“You just get the full rich story of the Israeli Jewish immigrant experience in the kitchen,” she said, “just talking to people and hanging out with them.”
One of the home cooks is the Moroccan mother of an owner of Cafe Tamati, the Carmel Market coffee shop where Sussman drinks her java each morning, sharing the experience with her Instagram followers. Another is the private chef for a Jewish oligarch, but she’s not saying which.
In “Shabbat,” she leans on the staples created for “Sababa,” including a double spread in the back of the cookbook that refers back to those favorite spice blends and condiments that have become part of “Sababa” readers’ pantries.
There are new spice blends in this cookbook as well, including a lamb blend similar to baharat, a Swiss chard reduction used in Libyan and Moroccan cooking, and a secret sauce she calls Schug-a-churri, a mixture of spicy schug and chimichurri that Sussman believes will become a kitchen staple.
This is a cookbook that’s a little more personal as well, said Sussman.
While “Sababa” had a clear culinary mission, showing home cooks how to use the staples of the Israeli kitchen in traditional and novel ways, “Shabbat” harkens back to Sussman’s childhood in California’s Bay Area, in a traditionally observant family where her late mother, Stephanie Sussman, cooked extensively for Shabbat every week, creating dishes that Sussman draws upon in her work.
It’s a cultural cookbook, said Sussman, based upon a very core religious concept in Judaism, but with “fuzzy edges” with regard to the religious rituals of Shabbat.
She doesn’t, for example, include the blessing sung over the wine, although she does write about that ritual, along with thoughts and memories of some of the traditions that take place around the Shabbat table.
“I really want this book to be a big tent of Shabbat” that’s welcoming to all, said Sussman. She wants the cookbook, which includes only kosher recipes, to work for those who are religiously observant, as well as for those who are not but embrace Shabbat meals.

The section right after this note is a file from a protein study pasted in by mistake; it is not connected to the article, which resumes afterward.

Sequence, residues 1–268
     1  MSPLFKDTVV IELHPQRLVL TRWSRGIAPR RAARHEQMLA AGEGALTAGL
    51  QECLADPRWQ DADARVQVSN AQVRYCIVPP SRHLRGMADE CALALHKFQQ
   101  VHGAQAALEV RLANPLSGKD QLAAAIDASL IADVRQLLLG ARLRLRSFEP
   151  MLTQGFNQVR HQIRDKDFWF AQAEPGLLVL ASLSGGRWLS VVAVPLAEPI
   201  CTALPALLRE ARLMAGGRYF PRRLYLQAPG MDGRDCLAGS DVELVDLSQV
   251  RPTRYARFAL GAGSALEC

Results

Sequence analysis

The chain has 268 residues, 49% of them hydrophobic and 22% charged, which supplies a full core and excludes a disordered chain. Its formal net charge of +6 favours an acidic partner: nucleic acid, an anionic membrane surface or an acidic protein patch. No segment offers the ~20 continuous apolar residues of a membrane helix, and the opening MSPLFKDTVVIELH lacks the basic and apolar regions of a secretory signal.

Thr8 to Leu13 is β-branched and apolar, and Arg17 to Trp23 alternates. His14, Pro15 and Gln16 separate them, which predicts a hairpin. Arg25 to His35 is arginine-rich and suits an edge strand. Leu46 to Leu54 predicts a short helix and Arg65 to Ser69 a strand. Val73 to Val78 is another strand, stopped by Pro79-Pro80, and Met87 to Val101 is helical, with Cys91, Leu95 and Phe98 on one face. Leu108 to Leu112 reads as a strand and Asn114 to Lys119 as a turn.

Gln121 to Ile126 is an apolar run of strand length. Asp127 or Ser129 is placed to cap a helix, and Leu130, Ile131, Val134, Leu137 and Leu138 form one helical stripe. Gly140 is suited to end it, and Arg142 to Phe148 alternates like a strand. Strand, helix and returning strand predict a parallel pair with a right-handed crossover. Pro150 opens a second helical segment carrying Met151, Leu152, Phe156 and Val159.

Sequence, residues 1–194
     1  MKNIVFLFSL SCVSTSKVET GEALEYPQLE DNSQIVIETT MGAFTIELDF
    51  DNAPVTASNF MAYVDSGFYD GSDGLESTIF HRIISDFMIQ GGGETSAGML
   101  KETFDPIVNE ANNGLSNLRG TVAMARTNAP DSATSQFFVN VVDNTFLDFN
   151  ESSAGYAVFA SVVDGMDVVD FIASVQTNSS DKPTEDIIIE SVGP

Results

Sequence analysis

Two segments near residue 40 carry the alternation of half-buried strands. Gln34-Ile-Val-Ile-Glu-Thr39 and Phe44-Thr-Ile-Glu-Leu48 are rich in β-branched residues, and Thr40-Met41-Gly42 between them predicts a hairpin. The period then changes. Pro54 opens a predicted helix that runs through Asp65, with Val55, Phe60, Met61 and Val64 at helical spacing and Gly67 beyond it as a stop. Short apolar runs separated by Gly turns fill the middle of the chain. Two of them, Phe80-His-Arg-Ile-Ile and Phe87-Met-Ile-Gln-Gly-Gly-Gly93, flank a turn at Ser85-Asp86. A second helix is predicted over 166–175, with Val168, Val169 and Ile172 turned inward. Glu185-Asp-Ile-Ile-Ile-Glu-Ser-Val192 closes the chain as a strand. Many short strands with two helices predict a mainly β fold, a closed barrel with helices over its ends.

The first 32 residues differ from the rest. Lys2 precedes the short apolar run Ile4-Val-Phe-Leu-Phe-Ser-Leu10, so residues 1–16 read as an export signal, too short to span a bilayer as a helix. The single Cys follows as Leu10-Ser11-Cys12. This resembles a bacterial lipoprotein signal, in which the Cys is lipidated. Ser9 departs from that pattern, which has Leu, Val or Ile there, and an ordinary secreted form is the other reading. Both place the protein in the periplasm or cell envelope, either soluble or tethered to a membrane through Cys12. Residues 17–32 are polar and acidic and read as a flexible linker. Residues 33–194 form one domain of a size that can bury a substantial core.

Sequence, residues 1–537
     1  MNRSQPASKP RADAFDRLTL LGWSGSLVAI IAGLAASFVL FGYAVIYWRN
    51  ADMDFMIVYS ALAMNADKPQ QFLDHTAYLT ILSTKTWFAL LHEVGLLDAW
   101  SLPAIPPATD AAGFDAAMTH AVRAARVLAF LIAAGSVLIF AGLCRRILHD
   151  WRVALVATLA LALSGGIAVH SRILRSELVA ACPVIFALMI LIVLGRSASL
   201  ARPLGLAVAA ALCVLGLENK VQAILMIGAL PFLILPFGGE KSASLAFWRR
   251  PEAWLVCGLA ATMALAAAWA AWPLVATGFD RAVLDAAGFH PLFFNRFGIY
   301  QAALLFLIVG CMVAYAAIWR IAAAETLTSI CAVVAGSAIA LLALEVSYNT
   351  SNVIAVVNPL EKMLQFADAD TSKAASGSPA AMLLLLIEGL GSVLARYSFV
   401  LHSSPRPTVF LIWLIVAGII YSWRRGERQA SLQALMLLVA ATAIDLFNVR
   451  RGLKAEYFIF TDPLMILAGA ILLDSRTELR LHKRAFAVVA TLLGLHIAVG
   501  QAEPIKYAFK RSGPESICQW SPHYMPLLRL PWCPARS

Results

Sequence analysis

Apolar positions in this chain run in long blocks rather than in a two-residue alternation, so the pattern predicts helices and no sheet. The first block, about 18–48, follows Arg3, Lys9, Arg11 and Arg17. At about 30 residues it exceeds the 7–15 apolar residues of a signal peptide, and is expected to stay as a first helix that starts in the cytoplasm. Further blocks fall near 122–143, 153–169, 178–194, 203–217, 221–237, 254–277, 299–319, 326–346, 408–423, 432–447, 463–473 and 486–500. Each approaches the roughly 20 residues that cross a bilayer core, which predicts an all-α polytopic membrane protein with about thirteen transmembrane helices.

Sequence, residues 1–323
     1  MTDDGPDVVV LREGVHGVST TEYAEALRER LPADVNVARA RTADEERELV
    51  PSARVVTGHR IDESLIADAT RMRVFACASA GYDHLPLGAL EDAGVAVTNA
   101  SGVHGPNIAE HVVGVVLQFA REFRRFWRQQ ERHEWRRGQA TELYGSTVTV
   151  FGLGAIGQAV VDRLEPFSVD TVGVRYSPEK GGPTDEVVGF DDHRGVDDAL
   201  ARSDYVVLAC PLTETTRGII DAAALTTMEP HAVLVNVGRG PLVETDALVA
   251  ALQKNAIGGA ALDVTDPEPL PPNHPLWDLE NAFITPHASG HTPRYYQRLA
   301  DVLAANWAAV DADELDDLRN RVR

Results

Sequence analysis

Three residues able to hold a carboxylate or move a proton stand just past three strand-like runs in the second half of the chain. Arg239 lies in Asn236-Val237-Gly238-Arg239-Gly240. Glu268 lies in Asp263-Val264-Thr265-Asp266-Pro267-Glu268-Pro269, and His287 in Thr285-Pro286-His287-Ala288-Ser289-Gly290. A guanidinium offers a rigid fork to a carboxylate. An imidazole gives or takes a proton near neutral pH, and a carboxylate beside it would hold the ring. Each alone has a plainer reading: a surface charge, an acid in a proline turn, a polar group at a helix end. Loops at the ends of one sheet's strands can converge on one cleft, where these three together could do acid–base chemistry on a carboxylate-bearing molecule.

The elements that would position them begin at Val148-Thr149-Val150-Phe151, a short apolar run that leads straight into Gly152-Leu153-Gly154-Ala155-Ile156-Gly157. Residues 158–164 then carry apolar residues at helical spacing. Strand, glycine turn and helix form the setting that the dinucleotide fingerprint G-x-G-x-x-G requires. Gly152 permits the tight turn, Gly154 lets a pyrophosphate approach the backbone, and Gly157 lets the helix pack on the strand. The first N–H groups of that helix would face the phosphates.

The name, “Shabbat,” has positive associations for many, said Sussman. And the cookbook offers a way to explore themes and recipes for those less familiar with the Jewish ritual, which that has expanded well beyond the Jewish community.
“I just felt like it was something that people would be able to connect with,” said Sussman. “It’s also easy to pronounce, like ‘Sababa.'”
Fig & Pomegranate Brisket
From “Shabbat” by Adeena Sussman
Serves 8 to 10
Active Time: 1 hour
Total Time (Including chilling time): 13 hours
Considered one of the crown jewels of Shabbat and holiday cooking, brisket has decidedly humble beginnings. Inexpensive due to its toughness and originally considered a throwaway cut, brisket became a staple of cold-weather Easter European Jewish cooking when farmers realized it was less expensive to butcher a cow than to feed it all winter long. Home cooks became experts at slow-cooking brisket to tender perfection, adding onions and often a tomato-based liquid to coax out the meat’s flavor and ideal texture. Aside from my mother’s recipe (see page 283), this is the version I find myself making the most. Tons of garlic and onions, white wine, and two types each of figs (fresh and dried) and pomegranate (molasses and fresh seeds) come together for a finished brisket that is simultaneously homey and elegant. Brisket is always better served the next day; if you have time, cool the whole cut in its braising liquid, then slice it against the grain and re-warm gently in the sauce.